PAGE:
I Loved, I Lost, I Made Spaghetti -- a Saucy and Sweet One-Woman Show

By Amy J. Barry

Talk about multi-tasking, Antoinette LaVecchia is not only the star of the one-woman play, I Loved, I Lost, I Made Spaghetti premiering at Theaterworks, she cooks up a storm throughout the two-act production. And I don’t mean a pretend meal; I mean a three-course Italian dinner including Pasta Bolognese made from scratch on stage. She even serves it with a nice glass of red to people who pay a premium for front row table seating. All this while regaling the audience with the sad but amusing stories of her failed love life, interrupted by endless phone calls from her prying mother.


The play was adapted by Jacques Lamarre from Giulia Melucci’s best-selling memoir of the same name, published in 2009, and is directed by Rob Ruggiero. Lamarre and Ruggiero have done a fine job of bringing the pages of the book to three-dimensional life, including the wonderful aromas of frying garlic, and simmering tomato sauce.


Giulia is a literature-loving Sarah Lawrence graduate and a driven publishing executive, who returns to her Italian roots after work to recreate for her boyfriends du jour, the simple, delicious Italian fare of her childhood.


“I am drawn to repressed men like I’m drawn to a plate of bubbling lasagna,” she tells us.


LaVecchia, who was born in a small Italian village -- about which she is currently writing an original play -- and starred in How to Be a Good Italian Daughter (in spite of myself) Off Broadway, has a convincingly natural affinity for her character. She is sparkly and wired, with very expressive body language, and in the play’s few poignant moments, we catch a glimpse of her vulnerability under the hip New York gloss.


Among the long list of men that Giulia attempts to seduce with food is a drunk Irishman (he starts out sober), a Jewish mensch, for whom she makes a Passover Seder from soup to nuts, an aging artist hipster, who sounds like Charles Nelson Reilly, and an eccentric Scottish novelist, using her to get a book deal.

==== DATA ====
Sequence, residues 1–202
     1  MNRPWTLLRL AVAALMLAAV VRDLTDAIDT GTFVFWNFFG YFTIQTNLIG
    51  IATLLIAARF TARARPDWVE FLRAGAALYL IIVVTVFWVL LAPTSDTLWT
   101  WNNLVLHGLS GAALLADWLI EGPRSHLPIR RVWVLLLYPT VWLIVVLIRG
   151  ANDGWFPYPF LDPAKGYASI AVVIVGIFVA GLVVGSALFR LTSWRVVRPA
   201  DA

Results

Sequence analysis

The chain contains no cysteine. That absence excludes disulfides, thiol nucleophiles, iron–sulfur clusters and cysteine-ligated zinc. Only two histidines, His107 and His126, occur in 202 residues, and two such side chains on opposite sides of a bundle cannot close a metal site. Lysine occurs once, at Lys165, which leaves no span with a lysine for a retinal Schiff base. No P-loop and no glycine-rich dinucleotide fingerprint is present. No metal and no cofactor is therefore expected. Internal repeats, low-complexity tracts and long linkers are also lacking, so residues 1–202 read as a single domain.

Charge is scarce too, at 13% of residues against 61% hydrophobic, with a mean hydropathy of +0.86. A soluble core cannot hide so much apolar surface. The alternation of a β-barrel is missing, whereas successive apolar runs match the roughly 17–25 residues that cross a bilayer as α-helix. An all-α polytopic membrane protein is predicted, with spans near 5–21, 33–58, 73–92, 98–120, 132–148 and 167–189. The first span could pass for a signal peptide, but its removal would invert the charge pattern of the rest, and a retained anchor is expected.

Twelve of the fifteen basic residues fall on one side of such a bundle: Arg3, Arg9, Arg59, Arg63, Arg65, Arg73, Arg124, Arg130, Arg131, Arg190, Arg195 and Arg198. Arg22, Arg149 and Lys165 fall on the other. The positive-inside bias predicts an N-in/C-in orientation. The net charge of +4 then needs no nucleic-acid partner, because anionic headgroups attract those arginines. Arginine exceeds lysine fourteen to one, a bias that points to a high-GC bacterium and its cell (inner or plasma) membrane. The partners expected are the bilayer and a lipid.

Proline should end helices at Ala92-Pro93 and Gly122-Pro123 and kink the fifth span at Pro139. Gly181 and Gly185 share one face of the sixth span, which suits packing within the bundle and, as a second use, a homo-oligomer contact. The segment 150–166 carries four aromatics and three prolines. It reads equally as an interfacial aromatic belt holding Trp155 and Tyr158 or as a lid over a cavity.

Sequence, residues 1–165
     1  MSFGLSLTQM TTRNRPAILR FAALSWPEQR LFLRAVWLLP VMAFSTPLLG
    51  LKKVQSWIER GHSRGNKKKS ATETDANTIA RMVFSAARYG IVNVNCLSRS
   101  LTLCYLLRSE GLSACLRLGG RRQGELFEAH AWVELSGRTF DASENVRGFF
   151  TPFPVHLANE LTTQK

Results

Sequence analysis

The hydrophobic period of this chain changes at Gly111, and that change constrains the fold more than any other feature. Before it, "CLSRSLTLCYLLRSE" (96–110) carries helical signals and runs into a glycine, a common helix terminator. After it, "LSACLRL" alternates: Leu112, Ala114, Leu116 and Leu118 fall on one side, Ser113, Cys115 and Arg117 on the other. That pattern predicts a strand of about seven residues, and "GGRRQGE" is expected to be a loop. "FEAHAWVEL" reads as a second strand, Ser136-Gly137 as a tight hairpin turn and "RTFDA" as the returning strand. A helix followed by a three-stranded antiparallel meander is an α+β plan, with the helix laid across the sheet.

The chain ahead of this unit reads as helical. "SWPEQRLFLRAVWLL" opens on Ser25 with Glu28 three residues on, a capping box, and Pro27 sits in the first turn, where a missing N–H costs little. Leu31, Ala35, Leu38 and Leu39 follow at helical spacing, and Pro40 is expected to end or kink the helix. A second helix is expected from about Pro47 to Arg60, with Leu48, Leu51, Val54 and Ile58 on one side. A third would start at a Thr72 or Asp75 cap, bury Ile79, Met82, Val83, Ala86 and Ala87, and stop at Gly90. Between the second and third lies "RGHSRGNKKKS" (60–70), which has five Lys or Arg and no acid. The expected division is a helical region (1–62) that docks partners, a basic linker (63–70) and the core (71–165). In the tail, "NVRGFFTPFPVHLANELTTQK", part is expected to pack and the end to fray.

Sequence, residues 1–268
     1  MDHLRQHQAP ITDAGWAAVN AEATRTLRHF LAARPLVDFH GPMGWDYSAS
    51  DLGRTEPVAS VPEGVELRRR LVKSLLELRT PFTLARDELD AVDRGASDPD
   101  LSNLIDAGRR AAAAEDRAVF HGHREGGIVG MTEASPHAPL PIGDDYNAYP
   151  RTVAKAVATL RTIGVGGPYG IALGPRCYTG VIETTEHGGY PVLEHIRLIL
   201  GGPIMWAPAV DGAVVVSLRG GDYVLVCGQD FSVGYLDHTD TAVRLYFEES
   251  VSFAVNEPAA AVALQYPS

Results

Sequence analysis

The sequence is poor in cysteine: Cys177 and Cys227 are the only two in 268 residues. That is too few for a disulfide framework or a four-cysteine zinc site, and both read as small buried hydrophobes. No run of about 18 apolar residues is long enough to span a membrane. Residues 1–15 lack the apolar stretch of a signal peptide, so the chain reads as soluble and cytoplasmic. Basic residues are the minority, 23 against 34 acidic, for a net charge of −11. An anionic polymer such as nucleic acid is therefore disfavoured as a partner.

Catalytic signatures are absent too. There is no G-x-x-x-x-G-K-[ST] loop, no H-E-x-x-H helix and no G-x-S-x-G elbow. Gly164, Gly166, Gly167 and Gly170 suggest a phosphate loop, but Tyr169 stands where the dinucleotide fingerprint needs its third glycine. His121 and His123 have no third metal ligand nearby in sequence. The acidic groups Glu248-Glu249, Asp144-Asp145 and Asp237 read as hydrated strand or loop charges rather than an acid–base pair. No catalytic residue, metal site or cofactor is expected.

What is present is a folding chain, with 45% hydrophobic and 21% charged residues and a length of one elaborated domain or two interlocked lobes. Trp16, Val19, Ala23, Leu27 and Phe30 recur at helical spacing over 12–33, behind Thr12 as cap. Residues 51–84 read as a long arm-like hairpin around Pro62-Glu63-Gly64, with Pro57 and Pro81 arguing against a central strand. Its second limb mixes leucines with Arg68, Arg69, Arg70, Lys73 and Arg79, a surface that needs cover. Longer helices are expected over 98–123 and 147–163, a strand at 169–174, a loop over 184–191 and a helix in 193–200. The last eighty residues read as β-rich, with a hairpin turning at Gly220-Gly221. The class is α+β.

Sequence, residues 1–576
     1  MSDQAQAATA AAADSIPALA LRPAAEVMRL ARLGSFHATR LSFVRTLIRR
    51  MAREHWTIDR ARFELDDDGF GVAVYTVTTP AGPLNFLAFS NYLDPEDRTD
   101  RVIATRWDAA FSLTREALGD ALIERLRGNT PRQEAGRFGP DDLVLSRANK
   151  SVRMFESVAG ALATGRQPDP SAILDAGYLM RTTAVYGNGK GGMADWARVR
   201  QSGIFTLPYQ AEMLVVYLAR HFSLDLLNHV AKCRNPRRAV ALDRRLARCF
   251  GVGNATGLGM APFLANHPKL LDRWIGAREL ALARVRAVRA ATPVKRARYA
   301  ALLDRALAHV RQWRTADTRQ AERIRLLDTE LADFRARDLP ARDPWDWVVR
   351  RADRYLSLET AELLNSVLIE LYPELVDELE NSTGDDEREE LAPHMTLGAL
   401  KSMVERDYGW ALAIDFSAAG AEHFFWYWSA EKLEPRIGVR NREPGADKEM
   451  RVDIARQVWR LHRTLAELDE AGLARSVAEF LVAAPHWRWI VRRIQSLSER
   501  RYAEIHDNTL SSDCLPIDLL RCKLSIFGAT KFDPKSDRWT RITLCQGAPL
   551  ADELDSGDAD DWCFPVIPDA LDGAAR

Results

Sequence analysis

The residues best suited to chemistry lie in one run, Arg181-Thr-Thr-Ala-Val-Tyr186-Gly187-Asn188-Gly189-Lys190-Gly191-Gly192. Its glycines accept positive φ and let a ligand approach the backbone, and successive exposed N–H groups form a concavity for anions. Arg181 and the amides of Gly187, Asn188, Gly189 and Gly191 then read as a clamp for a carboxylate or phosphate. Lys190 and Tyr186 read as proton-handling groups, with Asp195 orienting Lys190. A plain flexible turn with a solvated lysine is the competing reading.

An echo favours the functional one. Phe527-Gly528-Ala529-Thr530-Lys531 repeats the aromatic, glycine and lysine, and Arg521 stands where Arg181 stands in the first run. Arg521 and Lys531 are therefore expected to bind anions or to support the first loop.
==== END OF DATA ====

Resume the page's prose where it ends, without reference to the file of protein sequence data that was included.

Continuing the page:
All of them have in common that they’re self-absorbed, commitment phobic, and not won over by the smart and beautiful young woman’s culinary skills.


If we didn’t know the play was based on a real memoir, we might find the men Giulia falls for absurdly stereotypical. That said, her hammed-up imitation of the Charles Nelson Reilly guy isn’t quite so funny by the fourth or so reference.


At times LaVecchia loses her focus and stumbles slightly on her lines. But cooking and serving a home-cooked meal, while you’re the sole actor carrying a play, makes walking and chewing gum look like a piece of cake, it’s such an impressive feat -- and so must be forgiven.


LaVecchia’s lively performance is enhanced by set designer John Coyne’s inviting kitchen where she’s stationed behind a butcher block-topped island chopping and sauteing when she’s not walking on and off the stage, serving her guests the next course. Gorgeous lighting by John Lasiter brings even richer shades of color to an already vibrant modern geometric backdrop. Between scenes, a high-energy modern rock musical score by Sasha Wahl sets the mood of early ’90s Manhattan -- when the play takes place.


I Loved, I Lost, I Made Spaghetti continues through July 8 at Theaterworks, 233 Pearl Street in downtown Hartford. For tickets call 860-527-7838 or online visit www.theaterworkshartford.org.


This review appeared in Shore Publishing community weeklies, and online at zip06.com and theday.com.

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